Tablescaping

One afternoon I was out to lunch with a few lovely ladies from COMO Living, the magazine that I copy edit for. Before diving into that issue’s content, we were catching each other up on life happenings and the status of wedding plans. Michele Towns, whose daughter is getting married this May, and I were casually chatting about decor when we threw out the word “tablescape.” To me, tablescape is as common in my vocabulary as landscape, escape and even manscape, but it was obvious to me that others we weren’t following me.

Tablescape, or an artistic way of placing items on a table, is something that people usually think about for large gatherings, i.e. weddings, fundraisers and other banquets. However, even if you are organizing a small dinner party, putting thought into your tablescape can take your event to the next level even if your cooking doesn’t.

Let me explain. See this photo below?

image1

Snoozefest. This is how I learned to set a table at the age of 6 as a way I could help my mom while she prepared dinner.

Now see this photo below?

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Completely different, right? Simply by using a little practicality and layering, the table goes from blah to interesting. The tricks to executing a practical tablescape are simple. First, think about the menu itself. Are you serving a multi-course meal including soup, salad and the main course? If so, use dishes and silverware to expand your setting. I used my everyday dishes but stacked the soup bowl on top of the salad plate on top of the dinner plate. Break it up with a color-coordinated napkin, and you have yourself a gorgeous place setting. In addition to the dishes and silverware, I added a pop of texture and a contrasting color under the flower arrangement. It’s really a cheese board, which i flipped upside down and re-purposed as a tray.  Using things you have right in your home make this an easy and inexpensive project.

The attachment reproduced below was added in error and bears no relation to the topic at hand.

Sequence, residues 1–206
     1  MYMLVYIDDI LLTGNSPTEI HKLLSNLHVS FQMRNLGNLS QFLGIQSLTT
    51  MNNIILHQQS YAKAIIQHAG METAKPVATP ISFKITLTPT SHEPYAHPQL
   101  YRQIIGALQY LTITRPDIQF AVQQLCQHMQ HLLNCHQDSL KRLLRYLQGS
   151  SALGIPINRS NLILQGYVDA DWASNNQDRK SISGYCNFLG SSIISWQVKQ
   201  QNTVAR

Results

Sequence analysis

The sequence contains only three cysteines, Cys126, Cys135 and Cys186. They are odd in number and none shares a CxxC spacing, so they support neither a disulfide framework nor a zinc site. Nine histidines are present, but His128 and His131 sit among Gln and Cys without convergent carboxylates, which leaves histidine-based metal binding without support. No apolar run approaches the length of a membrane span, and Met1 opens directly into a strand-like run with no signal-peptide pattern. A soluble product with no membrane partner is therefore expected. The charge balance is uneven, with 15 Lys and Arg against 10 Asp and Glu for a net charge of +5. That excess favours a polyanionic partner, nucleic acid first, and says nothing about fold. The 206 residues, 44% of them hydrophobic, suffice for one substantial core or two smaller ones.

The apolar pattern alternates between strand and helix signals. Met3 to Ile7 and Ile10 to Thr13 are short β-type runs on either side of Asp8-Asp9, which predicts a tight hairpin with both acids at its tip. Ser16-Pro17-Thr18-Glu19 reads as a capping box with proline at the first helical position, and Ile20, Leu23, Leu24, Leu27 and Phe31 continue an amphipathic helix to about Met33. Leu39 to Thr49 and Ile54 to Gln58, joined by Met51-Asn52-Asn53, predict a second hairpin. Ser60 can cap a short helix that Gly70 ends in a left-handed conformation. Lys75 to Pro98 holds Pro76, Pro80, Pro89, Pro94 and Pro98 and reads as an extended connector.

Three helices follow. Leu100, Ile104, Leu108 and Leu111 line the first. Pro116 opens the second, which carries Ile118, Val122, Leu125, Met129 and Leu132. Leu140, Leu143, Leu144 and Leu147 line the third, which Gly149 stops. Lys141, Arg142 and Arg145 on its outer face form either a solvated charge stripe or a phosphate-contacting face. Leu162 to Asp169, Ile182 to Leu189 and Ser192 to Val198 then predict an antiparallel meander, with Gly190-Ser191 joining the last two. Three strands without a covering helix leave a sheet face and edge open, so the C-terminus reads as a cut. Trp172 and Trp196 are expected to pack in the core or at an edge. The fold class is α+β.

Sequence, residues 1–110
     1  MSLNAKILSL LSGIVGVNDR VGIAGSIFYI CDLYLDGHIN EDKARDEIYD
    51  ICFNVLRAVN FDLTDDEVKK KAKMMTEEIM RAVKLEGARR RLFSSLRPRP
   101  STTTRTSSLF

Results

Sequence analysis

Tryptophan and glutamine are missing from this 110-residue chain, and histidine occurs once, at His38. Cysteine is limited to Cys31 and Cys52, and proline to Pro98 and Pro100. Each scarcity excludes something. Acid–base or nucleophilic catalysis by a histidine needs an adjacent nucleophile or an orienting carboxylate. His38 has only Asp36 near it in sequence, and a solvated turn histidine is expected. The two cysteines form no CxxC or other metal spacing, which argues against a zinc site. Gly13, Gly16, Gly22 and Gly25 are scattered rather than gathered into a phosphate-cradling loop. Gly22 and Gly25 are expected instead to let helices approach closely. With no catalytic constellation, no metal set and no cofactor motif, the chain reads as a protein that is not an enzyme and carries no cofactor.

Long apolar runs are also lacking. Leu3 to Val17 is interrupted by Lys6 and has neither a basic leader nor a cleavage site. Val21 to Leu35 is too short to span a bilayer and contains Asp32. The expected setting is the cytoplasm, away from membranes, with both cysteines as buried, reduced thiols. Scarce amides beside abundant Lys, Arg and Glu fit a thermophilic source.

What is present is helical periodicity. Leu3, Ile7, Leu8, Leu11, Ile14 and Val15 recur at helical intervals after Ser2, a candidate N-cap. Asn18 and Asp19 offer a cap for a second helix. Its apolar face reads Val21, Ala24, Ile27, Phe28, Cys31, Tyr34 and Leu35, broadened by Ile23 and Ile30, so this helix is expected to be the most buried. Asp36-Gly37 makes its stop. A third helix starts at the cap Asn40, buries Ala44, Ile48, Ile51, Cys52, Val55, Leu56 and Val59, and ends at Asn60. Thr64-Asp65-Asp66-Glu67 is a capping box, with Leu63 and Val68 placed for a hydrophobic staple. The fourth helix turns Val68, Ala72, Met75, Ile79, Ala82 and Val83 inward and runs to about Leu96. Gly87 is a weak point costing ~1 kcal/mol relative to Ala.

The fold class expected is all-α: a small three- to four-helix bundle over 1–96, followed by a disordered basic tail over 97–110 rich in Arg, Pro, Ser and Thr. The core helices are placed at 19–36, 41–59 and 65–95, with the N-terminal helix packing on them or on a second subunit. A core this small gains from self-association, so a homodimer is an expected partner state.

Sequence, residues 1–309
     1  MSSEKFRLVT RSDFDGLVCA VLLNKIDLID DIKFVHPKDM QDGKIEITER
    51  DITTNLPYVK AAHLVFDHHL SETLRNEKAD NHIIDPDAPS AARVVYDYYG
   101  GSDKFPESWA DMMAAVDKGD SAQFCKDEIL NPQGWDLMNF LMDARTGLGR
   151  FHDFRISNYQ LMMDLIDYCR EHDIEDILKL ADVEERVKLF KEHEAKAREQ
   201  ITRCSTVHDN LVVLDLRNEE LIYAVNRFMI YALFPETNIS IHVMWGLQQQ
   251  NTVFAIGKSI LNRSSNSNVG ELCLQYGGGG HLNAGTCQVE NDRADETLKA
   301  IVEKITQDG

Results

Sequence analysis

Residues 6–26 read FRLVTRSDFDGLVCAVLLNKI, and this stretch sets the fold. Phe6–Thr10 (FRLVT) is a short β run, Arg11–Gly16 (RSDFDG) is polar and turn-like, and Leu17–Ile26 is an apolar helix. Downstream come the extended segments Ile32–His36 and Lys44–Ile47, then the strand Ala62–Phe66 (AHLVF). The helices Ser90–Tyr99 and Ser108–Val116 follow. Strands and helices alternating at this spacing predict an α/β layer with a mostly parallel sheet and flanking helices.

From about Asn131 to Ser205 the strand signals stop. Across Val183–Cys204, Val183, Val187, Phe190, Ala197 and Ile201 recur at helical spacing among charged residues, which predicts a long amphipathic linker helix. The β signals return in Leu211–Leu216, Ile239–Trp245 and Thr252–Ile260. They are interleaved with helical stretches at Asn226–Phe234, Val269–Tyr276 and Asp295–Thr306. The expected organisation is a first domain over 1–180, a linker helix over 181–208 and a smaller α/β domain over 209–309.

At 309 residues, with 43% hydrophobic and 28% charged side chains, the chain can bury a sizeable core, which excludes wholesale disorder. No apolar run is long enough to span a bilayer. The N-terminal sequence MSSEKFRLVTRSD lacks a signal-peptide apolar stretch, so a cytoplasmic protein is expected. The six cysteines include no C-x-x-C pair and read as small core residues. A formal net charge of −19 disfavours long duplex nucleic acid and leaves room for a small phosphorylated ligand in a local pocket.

Now those are my tips for a low key dinner party. But how do you up the anty when hosting a holiday party or formal family gathering? It’s all in the details. Let me show you.

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This Thanksgiving tablescape was created using warm colors that played off of the color scheme already in the kitchen. Pumpkin colored place mats and contrasting metals created a warm and welcoming table even without the food on it. I chose to use a decorative gold charger. I love chargers like Joanna Gaines loves ship lap. Whenever you can use them, do so. They completely transform a table! However, do note they take up more space on the table, especially on long banquet tables or farm tables, so they can take away from centerpieces.

image6For the centerpiece, I added in texture once again with the mercury-glass candlesticks and leather books. Books might seem a little strange to use as a centerpiece, but it broke up the metals and added a touch of comfort to the spread.

And the best part about this tablescape is we were able to use Ryan’s grandfather’s dishes, so not only do they match the holiday colors, it’s also a way for someone who is no longer here to be with us to celebrate with family.

Now it’s your turn. Show me your most beautiful tablescapes.

Happy designing!

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